Always Jack – Reviewed by Hazel Edwards

Written by Susanne Gervay
Illustrated by Cathy Wilcox

ISBN 9780732290207


reviewed by Hazel Edwards 

While it’s often hard to name the third title in a trilogy, ‘Always Jack’ is a poignant choice, because the character is consistent, and so is the family, despite Mum being diagnosed with breast cancer.

It takes courage for an author to tackle such a subject, both in junior chapter fiction and in real life.  And to get the tone right, so kids will want to read this story ‘ as a good read’, not just because it is an ‘issues’ book, takes crafting skill. Gervay has that skill.

As in the earlier ‘I am Jack’ which tackled bullying and ‘SuperJack’ about blended families, there is still a strong child-centred story likely to appeal to 9-12 year olds.

Susanne Gervay has crafted Jack jokes(  so many of them, but apt for  this age group)  lots of yummy food ( the sex of kids books) and interwoven three generations in a  multi cultural community which seems ‘ordinary’.  The school details are realistic, as is the surfing scene and family picnics. Christopher is a mate, and only later we learn his family are Vietnamese, when they become part of the school project.

Creative problem- solving like inventor Jack putting family cameo photos on Nanna’s walking stick so she’ll use it, indicates family caring.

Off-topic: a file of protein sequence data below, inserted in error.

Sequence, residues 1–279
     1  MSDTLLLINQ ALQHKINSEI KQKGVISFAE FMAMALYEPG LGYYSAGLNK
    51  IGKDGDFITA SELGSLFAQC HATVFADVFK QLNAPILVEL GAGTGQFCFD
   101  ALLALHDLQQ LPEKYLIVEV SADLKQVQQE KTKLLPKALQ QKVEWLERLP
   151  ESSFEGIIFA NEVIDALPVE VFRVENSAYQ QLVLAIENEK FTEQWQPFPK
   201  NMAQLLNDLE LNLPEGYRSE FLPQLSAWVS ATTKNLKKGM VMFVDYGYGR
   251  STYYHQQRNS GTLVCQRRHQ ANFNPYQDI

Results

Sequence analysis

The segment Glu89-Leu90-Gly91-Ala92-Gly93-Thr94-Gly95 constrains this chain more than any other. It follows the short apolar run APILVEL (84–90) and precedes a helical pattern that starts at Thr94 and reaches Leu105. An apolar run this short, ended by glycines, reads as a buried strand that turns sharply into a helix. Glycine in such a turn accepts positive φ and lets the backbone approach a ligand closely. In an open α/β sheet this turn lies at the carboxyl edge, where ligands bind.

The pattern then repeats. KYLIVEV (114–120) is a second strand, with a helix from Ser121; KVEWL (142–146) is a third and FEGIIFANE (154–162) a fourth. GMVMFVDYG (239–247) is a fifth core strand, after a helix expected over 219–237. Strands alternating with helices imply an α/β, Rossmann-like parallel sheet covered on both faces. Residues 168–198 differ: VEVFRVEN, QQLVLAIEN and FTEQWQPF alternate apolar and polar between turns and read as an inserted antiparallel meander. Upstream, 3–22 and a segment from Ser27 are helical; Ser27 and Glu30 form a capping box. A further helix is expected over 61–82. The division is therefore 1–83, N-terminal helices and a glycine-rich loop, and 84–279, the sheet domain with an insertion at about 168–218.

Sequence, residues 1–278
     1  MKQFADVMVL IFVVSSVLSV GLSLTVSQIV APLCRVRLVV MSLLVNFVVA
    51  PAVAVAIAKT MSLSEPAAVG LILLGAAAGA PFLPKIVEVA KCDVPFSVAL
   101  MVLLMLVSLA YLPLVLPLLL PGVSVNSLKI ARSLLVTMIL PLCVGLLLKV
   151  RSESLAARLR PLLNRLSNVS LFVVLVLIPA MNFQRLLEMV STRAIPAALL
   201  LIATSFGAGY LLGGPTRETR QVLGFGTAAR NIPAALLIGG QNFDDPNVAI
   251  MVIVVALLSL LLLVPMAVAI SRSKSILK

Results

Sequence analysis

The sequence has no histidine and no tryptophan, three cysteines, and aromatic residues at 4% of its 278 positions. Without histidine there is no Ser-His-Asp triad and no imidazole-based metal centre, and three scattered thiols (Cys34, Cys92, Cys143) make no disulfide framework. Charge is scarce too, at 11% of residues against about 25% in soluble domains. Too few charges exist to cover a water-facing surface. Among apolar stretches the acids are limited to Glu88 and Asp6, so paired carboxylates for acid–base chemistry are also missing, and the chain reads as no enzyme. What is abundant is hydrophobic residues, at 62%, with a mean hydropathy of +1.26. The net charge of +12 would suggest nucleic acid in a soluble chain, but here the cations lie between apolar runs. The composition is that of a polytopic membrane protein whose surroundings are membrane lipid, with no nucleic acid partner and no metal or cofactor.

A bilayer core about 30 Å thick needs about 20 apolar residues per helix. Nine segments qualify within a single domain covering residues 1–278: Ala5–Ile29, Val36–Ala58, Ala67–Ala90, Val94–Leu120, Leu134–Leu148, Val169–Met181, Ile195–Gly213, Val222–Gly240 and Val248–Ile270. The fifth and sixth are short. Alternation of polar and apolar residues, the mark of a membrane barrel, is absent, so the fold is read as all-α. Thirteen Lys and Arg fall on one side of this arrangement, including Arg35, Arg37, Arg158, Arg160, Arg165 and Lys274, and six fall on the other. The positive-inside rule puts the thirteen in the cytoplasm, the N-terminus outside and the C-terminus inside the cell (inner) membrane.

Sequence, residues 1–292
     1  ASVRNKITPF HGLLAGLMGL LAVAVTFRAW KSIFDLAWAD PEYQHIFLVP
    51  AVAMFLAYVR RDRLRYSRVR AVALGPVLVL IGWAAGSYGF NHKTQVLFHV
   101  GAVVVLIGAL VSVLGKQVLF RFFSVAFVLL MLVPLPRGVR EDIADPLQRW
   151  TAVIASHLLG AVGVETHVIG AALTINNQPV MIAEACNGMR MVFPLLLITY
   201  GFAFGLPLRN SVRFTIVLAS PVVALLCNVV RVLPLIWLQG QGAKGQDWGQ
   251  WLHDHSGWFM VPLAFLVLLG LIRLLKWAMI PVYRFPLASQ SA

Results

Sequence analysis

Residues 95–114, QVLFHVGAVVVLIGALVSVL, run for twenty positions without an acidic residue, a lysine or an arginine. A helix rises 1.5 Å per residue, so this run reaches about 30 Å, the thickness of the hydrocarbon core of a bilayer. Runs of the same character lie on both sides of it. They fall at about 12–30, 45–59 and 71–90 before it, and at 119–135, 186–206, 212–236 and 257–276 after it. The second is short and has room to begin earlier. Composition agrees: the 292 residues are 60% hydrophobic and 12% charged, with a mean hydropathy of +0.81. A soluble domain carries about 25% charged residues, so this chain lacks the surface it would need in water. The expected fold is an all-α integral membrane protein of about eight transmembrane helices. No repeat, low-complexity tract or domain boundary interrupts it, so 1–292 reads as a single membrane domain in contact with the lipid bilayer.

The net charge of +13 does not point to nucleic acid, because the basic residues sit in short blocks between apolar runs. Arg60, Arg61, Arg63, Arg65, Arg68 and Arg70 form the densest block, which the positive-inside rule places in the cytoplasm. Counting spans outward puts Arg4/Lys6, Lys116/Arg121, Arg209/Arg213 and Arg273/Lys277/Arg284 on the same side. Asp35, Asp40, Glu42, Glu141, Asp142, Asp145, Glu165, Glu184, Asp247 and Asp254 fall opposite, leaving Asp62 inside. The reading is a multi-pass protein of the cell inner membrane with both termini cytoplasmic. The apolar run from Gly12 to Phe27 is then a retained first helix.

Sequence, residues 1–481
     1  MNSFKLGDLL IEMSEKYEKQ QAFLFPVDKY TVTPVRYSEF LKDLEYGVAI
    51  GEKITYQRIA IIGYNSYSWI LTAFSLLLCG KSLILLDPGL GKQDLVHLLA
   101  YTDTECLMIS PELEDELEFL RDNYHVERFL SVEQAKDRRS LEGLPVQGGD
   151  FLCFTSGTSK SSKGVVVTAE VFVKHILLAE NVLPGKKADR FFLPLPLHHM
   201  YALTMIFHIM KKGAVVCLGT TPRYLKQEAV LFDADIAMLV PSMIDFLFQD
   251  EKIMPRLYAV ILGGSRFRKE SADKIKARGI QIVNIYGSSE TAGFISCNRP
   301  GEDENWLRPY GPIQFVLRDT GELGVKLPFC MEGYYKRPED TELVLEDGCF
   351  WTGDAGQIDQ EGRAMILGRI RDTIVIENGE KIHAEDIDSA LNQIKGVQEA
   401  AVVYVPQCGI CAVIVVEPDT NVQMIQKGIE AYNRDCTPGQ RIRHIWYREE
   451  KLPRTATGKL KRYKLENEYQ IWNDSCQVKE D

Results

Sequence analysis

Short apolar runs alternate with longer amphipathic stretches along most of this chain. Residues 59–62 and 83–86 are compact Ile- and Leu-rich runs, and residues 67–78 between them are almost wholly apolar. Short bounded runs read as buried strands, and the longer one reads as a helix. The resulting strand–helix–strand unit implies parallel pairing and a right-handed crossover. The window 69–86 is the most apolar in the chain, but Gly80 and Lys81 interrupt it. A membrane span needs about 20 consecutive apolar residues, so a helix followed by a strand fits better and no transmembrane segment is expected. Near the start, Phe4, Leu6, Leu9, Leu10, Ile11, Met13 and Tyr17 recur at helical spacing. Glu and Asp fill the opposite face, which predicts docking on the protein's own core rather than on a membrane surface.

‘Always Jack’ is not only about a family and a community supporting a mum with breast cancer, it’s about friendships, step-family relationships with a bit of jealousy between settling- in step- brothers and how an extended family cope with eccentric, purple underpants, bargain- loving Nanna, pet mice, and school projects which tackle ‘war and peace’ from different perspectives and cultures. Even visiting Grandad in the cemetery, and talking to his grave, is acceptable…

That’s a lot to pack into a junior chapter book.

At first I thought this family seemed ‘too nice’, but as they tackle the looming ‘wedding’ and then the ‘interruption’ of cancer, the strengths of the child-centred  ‘family fun’ supports the story. The kids aren’t perfect, but they’re believable.

P 99 Jack doesn’t like peas but vows that if Mum gets better he’ll make a deal to eat them every dinner, everyday forever.   That’s the kind of bargain a kid would make in their head.

This novel  makes an excellent gift of reassurance  for a family who may deal with the issue of cancer.  Fiction rather than fact enables the reader to live inside the character and see things from their viewpoint for the couple of hours necessary to read the book.  Gervay tackles the issues from a child’s curiosity…like how does the chemo work,  surgery with a slash across your chest, and even how another kid might feel about medical diagnoses. Mum takes the children with her,  as Gervay takes the reader, to demystify the medical sequence of breast cancer treatment.

‘Always Jack’ tackles the scariness of cancer facts, but makes it a safe subject to talk about…via fiction.

Highly commended. As proved in her earlier titles like ‘Butterflies’, Gervay handles health related stories in an approachable way which has attracted many awards.

The rare Yellow Daffodil of approval has been given to this book by the Cancer Council.  October is Breast Cancer Awareness Month. More details:

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